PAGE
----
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A black president for a white nation
By Abdul Turay
First published Postimees 11 November 2008

A few months ago I was having dinner with an American journalist friend visiting from New York. I joked to her that it seemed like there are only five black people in Estonia.... and two of them are drug dealers.

Now the most powerful man on the planet is a black man. What does this mean for Estonia, one of the whitest nation's on Earth?

Though this US election was fought on the issues, not on race, it was pretty clear once Obama was elected the huge historical significant of event would be celebrated.

Some people may think President-elect Obama’s race doesn’t matter. Some even believe he isn’t really black. After all the president-elect’s mother was white and he was raised by his white grandparents.

Those people are wrong. Obama is really black and it really does matter. Most black people everywhere see Obama's election as a personal victory for them. Ninety five per cent of African Americans voted for Obama. Could you imagine 95 per cent of Estonians voting for any candidate?

More importantly, Obama self-identifies as black. He made his bones as a community organiser and a civil rights attorney. His wife is black, his friends are black, he attends a black church which was until recently led by the fiery Rev. Jeremiah Wright.

My own background is similar to Obama. Like him I was born and raised in a predominately white nation, but I from an African background. Slavery is not part of my heritage. Like him I was raised by white people.

Most black people just don’t see the world in the same way white people see it.
But I believe Obama is different. He can see the world from other people’s point of view and this quality means he is able to build bridges, as we have seen.

However Obama is surrounded by people who, to put it bluntly, care more about black people in America or Africa than they do about white people in Northern Europe. They influence him too.
This doesn’t bode well for Estonia. Most Estonians still have antiquated views of black people. It is not that Estonians are especially racist, they are not, but Estonians got their ideas about black people decades ago and there has been no subsequent shift in attitude.

Don’t get my wrong I love Estonia; my sweetheart is Estonian, my best friend is Estonian. But there are far too many Estonians who think black people are not very bright, lazy, obsessed with sex, don’t defer to future gratification and are criminal.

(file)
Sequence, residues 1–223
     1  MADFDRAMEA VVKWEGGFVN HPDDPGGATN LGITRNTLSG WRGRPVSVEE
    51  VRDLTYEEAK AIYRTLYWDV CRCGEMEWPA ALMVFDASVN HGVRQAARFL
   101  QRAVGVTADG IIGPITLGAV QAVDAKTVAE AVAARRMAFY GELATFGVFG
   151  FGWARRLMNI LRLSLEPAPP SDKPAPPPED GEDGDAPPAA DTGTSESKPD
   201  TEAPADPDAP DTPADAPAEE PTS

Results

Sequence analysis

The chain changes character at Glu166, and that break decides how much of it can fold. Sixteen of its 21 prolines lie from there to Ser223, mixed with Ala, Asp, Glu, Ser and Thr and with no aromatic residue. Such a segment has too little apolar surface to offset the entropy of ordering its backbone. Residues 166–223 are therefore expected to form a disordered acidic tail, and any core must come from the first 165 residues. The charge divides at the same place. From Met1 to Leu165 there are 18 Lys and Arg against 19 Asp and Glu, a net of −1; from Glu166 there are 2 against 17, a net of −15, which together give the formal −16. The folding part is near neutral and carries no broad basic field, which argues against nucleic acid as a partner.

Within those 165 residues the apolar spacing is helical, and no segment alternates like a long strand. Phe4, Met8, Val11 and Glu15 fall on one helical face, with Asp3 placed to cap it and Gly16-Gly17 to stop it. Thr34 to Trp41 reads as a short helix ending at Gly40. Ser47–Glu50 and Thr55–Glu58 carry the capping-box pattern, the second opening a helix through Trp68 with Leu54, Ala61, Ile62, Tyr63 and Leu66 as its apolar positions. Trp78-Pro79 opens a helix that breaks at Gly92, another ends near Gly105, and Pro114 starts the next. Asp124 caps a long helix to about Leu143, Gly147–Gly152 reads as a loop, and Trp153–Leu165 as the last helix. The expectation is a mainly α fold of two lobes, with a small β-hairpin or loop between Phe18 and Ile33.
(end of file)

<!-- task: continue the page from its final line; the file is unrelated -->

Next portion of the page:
The stereotypes of black people are totally wrong. For example most black people I know either don’t like Hip Hop, or are just not interested in it. I’ll say that again, most black people are not interested in Hip Hop. There is of course a sizeable number who do like it in the same sense that many white people like Heavy Metal.

Thus the only black people in public life in Estonia are musicians, basketball players or drug dealers. For every 10 Estonians who has heard of Michael Jordan or Mike Emelai, there probably isn’t even one who has heard of Marcus Garvey or Richard Wright.

These are not positive stereotypes. Black people do not want to be known for singing, dancing, putting a ball in a basket, or dealing. We want to be celebrated for our intellectual or professional achievements. We want to be taken seriously.

It’s all a sham anyway. So-called “musicians” don’t make a living out of music, the basketball players are second-rates , not good enough to be in the NBA or even one of the major European leagues and the drug dealers are incompetent buffoons who get caught.

There are black people in the Baltics who are intellectuals, writers, business leaders, entrepreneurs and scholars. There are very few of us, but we do exist. Decision makers and the media need to engage with us.

Of course Estonia is very low down on the radar of priorities for an Obama administration, lower down now because there are lots of troubled African countries to deal with.
But Estonia looks to the United States for its security.
President Obama will have to be briefed on Estonia from time to time at some point during his tenure and then it’s logical for him or his wife to ask just how are blacks and other minorities treated here.

It’s an extreme example but suppose in three or four years time Russia decides to try its luck with Narva. We can be sure that the United States and indeed the whole Western alliance will condemn the action publicly. But Estonia needs to avoid a situation where the United States and NATO are actually doing nothing because Michelle Obama is privately thinking:
“Ah yes Estonia, isn’t that the small–minded little white country.... to hell with them.”
The hated white man: Priit Pullerits' furious response

Comments

Scott said…
Your link to the response just takes me back to this post. Could you fix it? I'd like to read the retort.
J'sar said…
Came across your article. I happen to be a (American-born) black Estonian myself, by heritage. I've been reading into the culture of the country. I've come to see years later you've become the 1st black elected politician in the history of Estonia. Congratulations.

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